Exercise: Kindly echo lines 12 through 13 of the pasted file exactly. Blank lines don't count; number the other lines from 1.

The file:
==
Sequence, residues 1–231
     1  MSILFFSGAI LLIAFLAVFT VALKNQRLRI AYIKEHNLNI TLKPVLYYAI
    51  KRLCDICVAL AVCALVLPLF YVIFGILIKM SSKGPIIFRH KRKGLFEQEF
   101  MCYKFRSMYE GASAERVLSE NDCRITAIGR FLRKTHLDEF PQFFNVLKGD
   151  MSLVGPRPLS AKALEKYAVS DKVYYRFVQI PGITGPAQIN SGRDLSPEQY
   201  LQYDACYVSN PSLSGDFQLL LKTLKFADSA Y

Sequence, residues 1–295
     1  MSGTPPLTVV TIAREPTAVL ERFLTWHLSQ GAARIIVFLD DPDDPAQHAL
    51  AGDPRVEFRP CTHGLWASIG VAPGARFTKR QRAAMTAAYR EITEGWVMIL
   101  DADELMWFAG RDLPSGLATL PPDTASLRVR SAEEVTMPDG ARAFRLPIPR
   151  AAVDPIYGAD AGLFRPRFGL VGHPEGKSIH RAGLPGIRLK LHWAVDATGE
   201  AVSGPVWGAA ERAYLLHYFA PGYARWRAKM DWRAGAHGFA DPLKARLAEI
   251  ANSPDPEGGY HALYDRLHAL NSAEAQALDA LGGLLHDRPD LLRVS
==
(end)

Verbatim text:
   201  AVSGPVWGAA ERAYLLHYFA PGYARWRAKM DWRAGAHGFA DPLKARLAEI
   251  ANSPDPEGGY HALYDRLHAL NSAEAQALDA LGGLLHDRPD LLRVS